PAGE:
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How to Shop for a Mortgage Without Hurting Your Credit Score

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How to Shop for a Mortgage Without Hurting Your Credit Score

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If you're seeking the best mortgage rates, shop carefully or your credit score might suffer. Each time you apply for a home loan, a mortgage lender will make a credit inquiry to review your credit history. These inquiries are reported to the three major credit bureaus: Equifax, Experian and TransUnion.

Because inquiries signal you’re thinking of taking on new debt, your credit score can dip. But the good news is  these steps can reduce the risk of damaging your score:

damages
Check your credit report Knowing your score before you shop can help you spot and then correct errors causing an unjustified drop in your credit score.
Shop for a mortgage within a 45-day window In most cases, your credit score will not be hurt if you stick to this rule.
Prequalify for a mortgage The lender uses a soft pull instead of a credit-damaging hard pull to produce a snapshot of how much you might be able to borrow.
Limit borrowing activity New debt can hurt your credit score, which in turn can make your mortgage more expensive.
Pay for bills on time Missing payments is a surefire way to lower your credit score.

Here’s more about how to shop for a mortgage without hurting your credit score.

Check your credit report

Before you begin shopping for a mortgage, look at your credit report from each of the bureaus. Fortunately, checking your own credit report doesn’t damage your credit score.

Inspect for errors. Common mistakes on credit reports, according to the Consumer Financial Protection Bureau, involve:

mistakes
Personal information Check for identity errors, such as a wrong name, address or phone number; accounts with similarly named owners; and incorrect accounts resulting from identity theft.
Account status This might include closed accounts reported as open, accounts mistakenly labeled as delinquent or debts that wrongly appear more than once.
Data management Look for false information that reappears on a report after you corrected it or accounts that show up several times and list different creditors.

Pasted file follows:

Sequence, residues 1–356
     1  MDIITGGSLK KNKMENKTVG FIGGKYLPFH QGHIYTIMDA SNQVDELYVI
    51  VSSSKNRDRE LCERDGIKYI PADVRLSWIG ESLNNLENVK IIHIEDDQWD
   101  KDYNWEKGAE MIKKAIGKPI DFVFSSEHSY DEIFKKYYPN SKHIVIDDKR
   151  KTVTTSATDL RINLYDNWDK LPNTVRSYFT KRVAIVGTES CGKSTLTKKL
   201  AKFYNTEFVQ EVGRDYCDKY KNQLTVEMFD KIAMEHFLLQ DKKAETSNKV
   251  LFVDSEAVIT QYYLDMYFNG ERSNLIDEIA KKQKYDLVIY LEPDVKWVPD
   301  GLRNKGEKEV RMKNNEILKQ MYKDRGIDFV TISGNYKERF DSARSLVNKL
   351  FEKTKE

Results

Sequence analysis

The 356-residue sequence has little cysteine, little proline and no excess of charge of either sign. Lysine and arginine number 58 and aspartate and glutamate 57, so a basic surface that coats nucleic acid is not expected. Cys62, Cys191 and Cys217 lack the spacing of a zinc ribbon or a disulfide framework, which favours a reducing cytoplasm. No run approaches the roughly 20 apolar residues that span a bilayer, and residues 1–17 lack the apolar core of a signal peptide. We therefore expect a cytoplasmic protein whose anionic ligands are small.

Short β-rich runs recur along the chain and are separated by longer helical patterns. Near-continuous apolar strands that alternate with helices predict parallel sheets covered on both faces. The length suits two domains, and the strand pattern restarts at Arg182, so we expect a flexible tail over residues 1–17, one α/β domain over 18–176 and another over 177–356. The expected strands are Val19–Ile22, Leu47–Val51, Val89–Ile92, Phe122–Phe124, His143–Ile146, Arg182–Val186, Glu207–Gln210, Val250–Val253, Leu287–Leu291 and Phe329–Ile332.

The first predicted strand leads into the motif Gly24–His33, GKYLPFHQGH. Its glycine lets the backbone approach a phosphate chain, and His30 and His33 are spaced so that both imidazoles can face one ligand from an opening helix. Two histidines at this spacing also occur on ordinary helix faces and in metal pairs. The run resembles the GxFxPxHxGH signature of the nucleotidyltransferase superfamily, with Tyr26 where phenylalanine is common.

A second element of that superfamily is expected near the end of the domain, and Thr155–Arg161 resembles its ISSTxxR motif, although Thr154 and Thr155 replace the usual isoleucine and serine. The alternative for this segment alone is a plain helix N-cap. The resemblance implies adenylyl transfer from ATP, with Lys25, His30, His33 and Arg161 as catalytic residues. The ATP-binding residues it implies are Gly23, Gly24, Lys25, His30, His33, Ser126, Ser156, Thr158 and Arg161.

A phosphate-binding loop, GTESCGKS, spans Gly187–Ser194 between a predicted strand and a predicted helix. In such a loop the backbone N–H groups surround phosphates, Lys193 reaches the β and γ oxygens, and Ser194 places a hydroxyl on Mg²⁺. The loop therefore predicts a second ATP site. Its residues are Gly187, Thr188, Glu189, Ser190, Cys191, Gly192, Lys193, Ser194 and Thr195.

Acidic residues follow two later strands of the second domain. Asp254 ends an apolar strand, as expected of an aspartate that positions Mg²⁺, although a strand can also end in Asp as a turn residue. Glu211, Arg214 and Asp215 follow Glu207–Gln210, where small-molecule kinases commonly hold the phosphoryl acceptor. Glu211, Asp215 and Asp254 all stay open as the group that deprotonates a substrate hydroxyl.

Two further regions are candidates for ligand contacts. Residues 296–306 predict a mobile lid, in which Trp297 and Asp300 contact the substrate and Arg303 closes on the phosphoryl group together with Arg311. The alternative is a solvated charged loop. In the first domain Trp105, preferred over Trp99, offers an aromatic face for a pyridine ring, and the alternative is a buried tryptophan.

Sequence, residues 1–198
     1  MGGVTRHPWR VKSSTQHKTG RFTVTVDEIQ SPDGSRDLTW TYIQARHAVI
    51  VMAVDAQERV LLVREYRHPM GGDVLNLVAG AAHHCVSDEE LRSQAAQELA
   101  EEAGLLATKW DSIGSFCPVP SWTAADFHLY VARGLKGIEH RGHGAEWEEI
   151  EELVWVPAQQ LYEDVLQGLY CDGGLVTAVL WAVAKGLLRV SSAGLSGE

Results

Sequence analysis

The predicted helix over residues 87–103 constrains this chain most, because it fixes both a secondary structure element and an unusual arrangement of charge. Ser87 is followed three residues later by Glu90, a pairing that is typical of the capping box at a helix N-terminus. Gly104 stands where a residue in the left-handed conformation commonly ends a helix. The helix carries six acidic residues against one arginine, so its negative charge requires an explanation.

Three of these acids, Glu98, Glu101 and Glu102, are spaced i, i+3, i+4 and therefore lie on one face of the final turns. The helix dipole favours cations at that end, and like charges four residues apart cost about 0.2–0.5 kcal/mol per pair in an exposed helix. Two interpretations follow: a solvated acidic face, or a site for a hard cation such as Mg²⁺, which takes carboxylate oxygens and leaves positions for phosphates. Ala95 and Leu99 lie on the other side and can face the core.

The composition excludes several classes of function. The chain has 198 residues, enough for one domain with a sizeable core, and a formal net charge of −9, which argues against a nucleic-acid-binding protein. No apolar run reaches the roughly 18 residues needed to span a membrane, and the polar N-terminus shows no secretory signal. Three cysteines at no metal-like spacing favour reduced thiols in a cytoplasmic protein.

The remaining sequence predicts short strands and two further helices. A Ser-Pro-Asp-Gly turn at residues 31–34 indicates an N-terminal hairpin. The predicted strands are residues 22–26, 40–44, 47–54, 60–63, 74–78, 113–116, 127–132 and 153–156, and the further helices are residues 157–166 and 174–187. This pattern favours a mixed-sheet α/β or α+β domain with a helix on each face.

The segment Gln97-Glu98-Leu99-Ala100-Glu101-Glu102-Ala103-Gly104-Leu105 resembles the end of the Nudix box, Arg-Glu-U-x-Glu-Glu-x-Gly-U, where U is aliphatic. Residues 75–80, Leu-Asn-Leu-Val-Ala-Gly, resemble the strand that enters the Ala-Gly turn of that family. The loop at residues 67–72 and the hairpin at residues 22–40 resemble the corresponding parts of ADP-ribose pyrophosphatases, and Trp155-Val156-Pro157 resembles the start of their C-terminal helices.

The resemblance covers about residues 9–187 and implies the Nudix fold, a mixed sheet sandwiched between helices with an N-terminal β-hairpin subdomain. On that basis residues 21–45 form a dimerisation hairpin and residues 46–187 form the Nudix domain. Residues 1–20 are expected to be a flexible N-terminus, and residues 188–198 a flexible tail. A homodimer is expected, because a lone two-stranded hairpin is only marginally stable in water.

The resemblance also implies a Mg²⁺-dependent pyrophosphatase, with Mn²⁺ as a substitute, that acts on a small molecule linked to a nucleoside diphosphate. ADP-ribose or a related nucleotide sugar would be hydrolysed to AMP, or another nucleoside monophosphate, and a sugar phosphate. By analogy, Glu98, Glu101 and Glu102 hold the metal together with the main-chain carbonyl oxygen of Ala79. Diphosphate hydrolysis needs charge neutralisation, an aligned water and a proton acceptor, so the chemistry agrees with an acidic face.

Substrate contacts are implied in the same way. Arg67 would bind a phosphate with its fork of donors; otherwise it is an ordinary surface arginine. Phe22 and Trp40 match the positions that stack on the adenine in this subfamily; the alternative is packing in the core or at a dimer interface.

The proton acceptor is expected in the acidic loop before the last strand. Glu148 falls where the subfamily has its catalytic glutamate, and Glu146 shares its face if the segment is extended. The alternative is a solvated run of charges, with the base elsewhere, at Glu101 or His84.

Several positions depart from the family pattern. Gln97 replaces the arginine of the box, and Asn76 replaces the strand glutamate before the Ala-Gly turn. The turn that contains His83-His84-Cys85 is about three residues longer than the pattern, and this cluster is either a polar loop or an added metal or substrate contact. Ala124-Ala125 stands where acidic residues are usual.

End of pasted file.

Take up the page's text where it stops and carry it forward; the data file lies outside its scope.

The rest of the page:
Account balances Review your reports for incorrect balances or credit limits.

Although federal law entitles you to a free copy of each credit report every 12 months at AnnualCreditReport.com, you can access your credit reports weekly during the pandemic. The three credit bureaus expanded access to credit reports through April 20, 2022.

You might have to pay to check your credit score, although a growing number of banks, credit unions and credit card companies offer free access to scores as a perk for customers.

Shop within a 45-day window

You can get as many loan estimates as you’d like and they won't hurt your credit, as long as you get them all within a 45-day window, according to the Consumer Financial Protection Bureau (CFPB). Credit checks from lenders within that window will count as a single inquiry on your credit report.

If you want to be extra-cautious, you can rate shop within a 14-day window instead. Occasionally, lenders use older FICO scoring models with this shorter window for counting multiple credit inquiries as one inquiry, says Joanne Gaskin, Vice President of Scores and Analytics at FICO.

Two weeks might not seem long enough to complete your comparison shopping, but most borrowers should be able to finish within that window, says John Ulzheimer, a credit specialist who formerly worked for FICO and Equifax.